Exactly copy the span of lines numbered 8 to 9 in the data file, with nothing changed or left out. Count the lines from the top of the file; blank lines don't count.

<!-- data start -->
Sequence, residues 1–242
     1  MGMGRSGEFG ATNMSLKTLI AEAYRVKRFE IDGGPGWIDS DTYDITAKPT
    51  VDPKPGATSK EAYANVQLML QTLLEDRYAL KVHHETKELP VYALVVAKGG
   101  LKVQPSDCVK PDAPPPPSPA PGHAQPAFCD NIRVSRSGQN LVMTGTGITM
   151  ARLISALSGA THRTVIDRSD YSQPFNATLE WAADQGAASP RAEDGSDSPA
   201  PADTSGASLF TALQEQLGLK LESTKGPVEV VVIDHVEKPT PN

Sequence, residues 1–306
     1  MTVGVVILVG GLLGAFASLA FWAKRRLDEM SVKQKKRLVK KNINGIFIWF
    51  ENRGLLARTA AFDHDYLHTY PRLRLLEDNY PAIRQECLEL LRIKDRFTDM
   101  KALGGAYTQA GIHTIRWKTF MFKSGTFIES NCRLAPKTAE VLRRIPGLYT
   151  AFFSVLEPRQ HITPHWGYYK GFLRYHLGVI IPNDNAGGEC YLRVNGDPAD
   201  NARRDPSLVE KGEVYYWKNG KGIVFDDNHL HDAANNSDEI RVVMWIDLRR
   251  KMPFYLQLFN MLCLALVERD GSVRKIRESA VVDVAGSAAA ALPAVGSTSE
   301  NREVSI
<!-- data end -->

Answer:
     1  MTVGVVILVG GLLGAFASLA FWAKRRLDEM SVKQKKRLVK KNINGIFIWF
    51  ENRGLLARTA AFDHDYLHTY PRLRLLEDNY PAIRQECLEL LRIKDRFTDM